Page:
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In what some are calling the technological equivalent of watching paint dry, government bodies worldwide have been accused of being overtaken by artificial intelligence - not just in scientific advancement but in the realm of sheer incompetence as well.

AI, or ‘Artificial Inaptitude’, as it is being cheekily rechristened by many, has seemingly surpassed even the notoriously low bar set by international bureaucracies in their ability to disappoint and confound.

Simon Williams, a local man who once had to deal with the DMV, remarked on this development with a resigned shrug, saying, “It’s like watching a sloth and a turtle compete in a 100-meter sprint. Except both are wrapped in red tape.”

Indeed, AI’s ability to generate incomprehensible error messages, misinterpret simple instructions and generally make a hash of things was previously the sole domain of government departments. But it appears that the marvel of modern technology has successfully replicated this inefficiency, leaving governments to play second fiddle.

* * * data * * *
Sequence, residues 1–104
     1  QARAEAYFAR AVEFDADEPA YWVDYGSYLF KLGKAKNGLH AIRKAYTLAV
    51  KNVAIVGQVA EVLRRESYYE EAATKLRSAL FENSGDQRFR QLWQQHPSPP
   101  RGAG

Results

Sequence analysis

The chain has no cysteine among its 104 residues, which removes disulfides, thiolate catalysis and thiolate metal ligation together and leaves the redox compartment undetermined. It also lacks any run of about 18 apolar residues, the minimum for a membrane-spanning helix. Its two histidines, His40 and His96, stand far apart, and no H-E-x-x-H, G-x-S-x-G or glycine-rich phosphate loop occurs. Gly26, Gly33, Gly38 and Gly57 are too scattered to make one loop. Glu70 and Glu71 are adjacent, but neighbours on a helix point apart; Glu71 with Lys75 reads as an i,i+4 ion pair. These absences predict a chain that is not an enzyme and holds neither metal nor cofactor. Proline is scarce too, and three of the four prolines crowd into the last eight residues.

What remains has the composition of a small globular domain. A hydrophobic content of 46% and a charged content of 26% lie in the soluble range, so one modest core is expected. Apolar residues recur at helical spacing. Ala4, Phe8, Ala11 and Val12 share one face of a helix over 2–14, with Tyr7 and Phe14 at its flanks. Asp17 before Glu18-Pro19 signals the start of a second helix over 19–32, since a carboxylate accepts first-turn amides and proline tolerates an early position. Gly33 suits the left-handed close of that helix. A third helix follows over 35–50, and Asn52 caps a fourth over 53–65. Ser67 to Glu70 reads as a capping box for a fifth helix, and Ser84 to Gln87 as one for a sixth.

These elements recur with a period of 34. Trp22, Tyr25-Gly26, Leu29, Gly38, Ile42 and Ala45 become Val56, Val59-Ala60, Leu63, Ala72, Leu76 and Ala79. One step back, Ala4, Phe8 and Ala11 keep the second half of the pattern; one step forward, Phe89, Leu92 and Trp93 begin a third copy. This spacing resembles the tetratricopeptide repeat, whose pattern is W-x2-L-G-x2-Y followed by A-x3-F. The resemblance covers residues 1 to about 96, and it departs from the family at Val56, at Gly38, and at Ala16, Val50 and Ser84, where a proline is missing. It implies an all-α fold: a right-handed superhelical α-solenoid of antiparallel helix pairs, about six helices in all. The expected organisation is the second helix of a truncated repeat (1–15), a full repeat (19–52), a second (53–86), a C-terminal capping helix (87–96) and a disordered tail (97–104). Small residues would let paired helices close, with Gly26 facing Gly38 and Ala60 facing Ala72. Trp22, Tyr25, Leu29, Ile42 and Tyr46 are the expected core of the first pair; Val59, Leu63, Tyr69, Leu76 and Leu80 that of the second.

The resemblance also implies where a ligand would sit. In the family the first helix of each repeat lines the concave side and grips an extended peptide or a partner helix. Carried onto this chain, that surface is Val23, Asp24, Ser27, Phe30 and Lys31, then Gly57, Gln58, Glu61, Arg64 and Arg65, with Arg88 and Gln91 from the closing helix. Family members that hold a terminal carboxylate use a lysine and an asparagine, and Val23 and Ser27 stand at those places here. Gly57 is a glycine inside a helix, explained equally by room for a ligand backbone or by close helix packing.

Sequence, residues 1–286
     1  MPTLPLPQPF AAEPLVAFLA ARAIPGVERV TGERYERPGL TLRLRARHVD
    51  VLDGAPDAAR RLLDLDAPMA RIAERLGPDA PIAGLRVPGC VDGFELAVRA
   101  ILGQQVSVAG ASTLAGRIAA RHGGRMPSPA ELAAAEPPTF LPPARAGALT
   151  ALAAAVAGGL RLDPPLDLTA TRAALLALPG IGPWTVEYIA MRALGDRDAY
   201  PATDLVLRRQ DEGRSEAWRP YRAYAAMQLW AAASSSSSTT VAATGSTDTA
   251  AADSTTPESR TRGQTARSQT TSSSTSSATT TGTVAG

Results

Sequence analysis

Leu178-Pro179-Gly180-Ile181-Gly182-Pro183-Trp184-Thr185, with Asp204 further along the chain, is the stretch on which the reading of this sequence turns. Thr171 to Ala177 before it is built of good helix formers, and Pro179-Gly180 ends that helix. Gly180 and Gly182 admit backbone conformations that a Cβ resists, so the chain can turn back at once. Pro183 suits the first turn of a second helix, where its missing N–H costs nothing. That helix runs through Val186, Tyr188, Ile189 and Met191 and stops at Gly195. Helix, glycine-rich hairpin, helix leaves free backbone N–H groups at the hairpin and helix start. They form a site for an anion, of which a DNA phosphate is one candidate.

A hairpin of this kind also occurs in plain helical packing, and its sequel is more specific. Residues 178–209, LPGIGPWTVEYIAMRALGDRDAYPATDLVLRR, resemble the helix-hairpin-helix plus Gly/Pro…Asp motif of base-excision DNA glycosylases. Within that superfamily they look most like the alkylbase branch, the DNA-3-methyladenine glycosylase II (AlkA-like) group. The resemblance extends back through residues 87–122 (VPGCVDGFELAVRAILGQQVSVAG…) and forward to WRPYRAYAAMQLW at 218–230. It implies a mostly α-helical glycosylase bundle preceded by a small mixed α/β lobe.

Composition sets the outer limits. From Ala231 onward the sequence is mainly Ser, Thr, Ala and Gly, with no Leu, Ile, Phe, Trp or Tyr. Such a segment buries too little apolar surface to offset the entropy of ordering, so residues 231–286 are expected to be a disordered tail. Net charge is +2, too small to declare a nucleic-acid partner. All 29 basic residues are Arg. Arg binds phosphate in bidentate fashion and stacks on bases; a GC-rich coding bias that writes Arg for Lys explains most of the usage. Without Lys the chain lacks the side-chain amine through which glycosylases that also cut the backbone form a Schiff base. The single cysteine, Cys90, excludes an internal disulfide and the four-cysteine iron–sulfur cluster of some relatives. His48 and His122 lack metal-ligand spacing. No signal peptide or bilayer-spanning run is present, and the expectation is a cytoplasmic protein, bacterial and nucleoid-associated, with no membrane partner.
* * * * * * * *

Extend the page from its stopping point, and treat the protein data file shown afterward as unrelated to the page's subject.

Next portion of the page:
A government spokesperson, visibly ruffled by the accusations, defended their debatable position as the reigning kings of bungling. “We’ve been leading in incompetence for centuries,” the spokesperson said. “We’re not going to be overtaken by a few lines of code. We’re the government, dammit!”

Meanwhile, AI researchers are reportedly working on their next project: a machine that can lose your mail faster than the post office.

AInspired by: Governments used to lead innovation. On AI, they’re falling behind.